Tod and Buz, working in Phoenix, Arizona as punch press operators, are befriended by their Jewish supervisor. When the kindly man is senselessly killed by muggers his 8 year old son blames ...
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Tod and Buz, working in Phoenix, Arizona as punch press operators, are befriended by their Jewish supervisor. When the kindly man is senselessly killed by muggers his 8 year old son blames God. Tod and Buz have different views of how to help the young man mourn and regain his faith.Written by
When David and Rosie are sitting in the railroad yard talking, the wide shot shows a string of gondolas directly behind them. Every time they cut to a closeup of David, it shows Southern Pacific boxcars directly behind him. See more »
Another episode you'd be unlikely to see on another show, at least not from this perspective. The boys are in Phoenix, Arizona, although the locale for once is pretty irrelevant to the story. Ed Asner makes his fourth appearance on the show as a foreman at a manufacturing plant where the boys are working who befriends them and invites them to his house where they meet his mother and son, (his wife is deceased). The family is Jewish and the son is about to have his bar mitzvah. Everyone is very happy until Ed goes out to get his newspaper and is mugged and stabbed by a couple of drug addicts. He crawls to the door of his house yelling for help and dies in his son's arms.
In a cop show, (like this show's sister show, Naked City), the story would be about the search for the criminals but here we never see them again: they are just the delivery boys from random fate. The story then becomes a search for meaning. The boy rejects his faith because it and the Rabbi they send to counsel him have no explanation for how this can happen. He can't evens and to look at the place where they live and vows to hop a freight train to San Francisco and become a sailor, (he's 13). The boys go looking for him, but with different attitudes. Todd, typically trying to be helpful, wants to become a surrogate father and spend time doing some of the things the kid's father would have done. Buz typically, (see "Birdcage on My Foot" and "City on Wheels"), senses that they will be in over their heads and wants to back away. But he's the one who finally finds the kid and sets him straight, (in a rather pat, oversimplified scene).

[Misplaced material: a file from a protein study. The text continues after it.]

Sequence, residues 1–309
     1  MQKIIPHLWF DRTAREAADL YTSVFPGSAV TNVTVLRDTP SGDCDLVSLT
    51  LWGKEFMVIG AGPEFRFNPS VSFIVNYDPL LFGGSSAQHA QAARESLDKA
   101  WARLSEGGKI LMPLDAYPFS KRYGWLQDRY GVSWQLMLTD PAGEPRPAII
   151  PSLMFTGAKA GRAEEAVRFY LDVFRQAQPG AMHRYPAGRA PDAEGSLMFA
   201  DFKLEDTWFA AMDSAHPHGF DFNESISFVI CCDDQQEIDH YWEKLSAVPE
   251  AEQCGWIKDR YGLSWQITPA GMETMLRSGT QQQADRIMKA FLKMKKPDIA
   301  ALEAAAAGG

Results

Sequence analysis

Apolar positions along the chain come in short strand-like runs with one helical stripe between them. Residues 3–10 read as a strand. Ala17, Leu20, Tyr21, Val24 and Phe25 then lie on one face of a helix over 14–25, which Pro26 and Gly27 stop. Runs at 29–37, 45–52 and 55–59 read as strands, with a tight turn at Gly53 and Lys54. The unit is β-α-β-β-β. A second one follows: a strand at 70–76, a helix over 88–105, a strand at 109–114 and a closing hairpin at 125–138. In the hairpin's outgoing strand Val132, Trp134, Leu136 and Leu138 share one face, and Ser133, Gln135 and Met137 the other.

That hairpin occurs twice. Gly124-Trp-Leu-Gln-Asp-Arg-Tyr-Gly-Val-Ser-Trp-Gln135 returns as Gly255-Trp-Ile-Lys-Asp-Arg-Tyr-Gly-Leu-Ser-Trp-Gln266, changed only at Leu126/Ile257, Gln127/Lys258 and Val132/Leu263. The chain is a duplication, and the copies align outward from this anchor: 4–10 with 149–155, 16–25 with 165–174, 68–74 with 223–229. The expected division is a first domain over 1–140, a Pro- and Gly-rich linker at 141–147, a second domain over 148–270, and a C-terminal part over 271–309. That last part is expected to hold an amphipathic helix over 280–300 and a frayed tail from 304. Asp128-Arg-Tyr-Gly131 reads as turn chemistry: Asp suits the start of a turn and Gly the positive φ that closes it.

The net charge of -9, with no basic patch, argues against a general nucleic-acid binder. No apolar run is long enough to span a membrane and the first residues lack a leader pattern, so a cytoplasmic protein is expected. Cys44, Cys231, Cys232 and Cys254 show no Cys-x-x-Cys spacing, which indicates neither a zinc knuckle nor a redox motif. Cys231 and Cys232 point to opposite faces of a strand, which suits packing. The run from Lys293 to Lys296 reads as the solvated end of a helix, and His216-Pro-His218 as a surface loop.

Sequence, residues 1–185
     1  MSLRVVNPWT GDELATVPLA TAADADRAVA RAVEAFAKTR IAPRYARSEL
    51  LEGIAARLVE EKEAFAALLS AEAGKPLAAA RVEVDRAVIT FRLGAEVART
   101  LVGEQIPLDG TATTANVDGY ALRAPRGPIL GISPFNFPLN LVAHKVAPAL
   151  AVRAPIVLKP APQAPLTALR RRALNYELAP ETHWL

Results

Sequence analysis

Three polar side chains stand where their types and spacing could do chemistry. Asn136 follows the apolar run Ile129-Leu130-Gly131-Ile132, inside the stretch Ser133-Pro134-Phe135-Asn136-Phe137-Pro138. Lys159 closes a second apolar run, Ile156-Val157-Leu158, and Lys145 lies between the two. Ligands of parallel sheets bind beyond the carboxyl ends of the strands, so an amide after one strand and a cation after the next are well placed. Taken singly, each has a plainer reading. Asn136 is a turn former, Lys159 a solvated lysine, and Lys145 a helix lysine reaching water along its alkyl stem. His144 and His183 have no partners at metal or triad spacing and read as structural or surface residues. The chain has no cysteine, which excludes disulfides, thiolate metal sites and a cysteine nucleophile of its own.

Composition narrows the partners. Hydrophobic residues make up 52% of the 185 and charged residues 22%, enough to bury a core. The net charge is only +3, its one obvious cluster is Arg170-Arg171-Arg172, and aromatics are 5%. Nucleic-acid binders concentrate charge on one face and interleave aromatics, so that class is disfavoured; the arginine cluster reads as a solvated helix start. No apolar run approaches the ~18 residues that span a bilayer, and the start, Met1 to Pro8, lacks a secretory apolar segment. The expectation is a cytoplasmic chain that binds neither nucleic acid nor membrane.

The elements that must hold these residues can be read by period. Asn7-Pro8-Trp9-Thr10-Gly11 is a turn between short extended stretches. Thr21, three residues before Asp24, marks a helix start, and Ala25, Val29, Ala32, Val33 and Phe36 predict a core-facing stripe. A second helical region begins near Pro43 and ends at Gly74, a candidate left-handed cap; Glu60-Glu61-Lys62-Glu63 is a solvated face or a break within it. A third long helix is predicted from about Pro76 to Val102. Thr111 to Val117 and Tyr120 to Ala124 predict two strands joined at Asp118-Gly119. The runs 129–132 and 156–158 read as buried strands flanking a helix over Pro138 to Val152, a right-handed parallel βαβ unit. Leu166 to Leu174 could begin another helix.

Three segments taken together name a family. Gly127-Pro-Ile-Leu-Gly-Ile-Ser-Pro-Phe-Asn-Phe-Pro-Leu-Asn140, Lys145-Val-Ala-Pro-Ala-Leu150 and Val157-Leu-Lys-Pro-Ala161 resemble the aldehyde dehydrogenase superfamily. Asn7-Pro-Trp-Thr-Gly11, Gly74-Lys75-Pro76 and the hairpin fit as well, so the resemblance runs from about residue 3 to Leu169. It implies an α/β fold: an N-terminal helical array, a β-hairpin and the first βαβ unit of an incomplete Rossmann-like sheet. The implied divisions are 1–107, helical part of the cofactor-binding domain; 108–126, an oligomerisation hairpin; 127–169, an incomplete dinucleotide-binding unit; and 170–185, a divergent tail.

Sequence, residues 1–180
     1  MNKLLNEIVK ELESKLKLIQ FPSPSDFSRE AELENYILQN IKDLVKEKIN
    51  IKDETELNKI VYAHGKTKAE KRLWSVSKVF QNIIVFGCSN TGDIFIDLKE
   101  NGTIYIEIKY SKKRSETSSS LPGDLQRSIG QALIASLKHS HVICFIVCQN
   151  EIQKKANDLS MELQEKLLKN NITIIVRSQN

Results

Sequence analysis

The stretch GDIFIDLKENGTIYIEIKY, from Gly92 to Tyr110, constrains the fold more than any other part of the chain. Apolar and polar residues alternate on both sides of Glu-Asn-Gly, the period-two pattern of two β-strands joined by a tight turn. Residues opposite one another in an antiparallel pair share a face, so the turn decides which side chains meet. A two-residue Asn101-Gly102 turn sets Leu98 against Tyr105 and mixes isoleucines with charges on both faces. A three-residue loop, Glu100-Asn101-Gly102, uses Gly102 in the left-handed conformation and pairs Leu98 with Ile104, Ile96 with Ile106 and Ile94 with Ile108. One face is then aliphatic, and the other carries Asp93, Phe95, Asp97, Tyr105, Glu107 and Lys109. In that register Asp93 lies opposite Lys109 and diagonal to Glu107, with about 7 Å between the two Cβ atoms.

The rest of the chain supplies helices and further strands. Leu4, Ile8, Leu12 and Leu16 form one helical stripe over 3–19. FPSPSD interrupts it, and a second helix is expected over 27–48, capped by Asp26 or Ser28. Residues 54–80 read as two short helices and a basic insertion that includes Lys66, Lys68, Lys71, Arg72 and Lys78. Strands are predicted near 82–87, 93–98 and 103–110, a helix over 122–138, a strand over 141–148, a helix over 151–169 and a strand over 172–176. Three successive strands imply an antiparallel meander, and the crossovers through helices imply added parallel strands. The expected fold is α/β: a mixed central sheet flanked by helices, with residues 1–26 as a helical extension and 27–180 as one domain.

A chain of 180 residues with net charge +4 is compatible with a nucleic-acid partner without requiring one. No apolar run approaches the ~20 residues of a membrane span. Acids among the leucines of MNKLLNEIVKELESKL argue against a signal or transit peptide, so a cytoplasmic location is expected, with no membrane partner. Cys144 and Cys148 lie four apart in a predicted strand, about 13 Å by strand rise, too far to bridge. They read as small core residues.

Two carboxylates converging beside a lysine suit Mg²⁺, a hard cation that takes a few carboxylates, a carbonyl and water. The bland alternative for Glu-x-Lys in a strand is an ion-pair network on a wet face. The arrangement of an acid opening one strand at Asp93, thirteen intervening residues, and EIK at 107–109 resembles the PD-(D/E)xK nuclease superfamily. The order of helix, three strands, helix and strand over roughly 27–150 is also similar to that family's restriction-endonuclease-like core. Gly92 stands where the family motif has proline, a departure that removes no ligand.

This one is directed by David Lowell Rich, who had previously done "the Thin White Line". That one had a scene of a drugged Todd looking into a store window and seeing multiple reflections of himself laughing at him. In this one the boy, (MIchael McGreevey, in a good performance), looks into a store window and sees an image of his father. He turns around and it's a different man, (also bald, with glasses). I like a director who knows how to use little touches like that.
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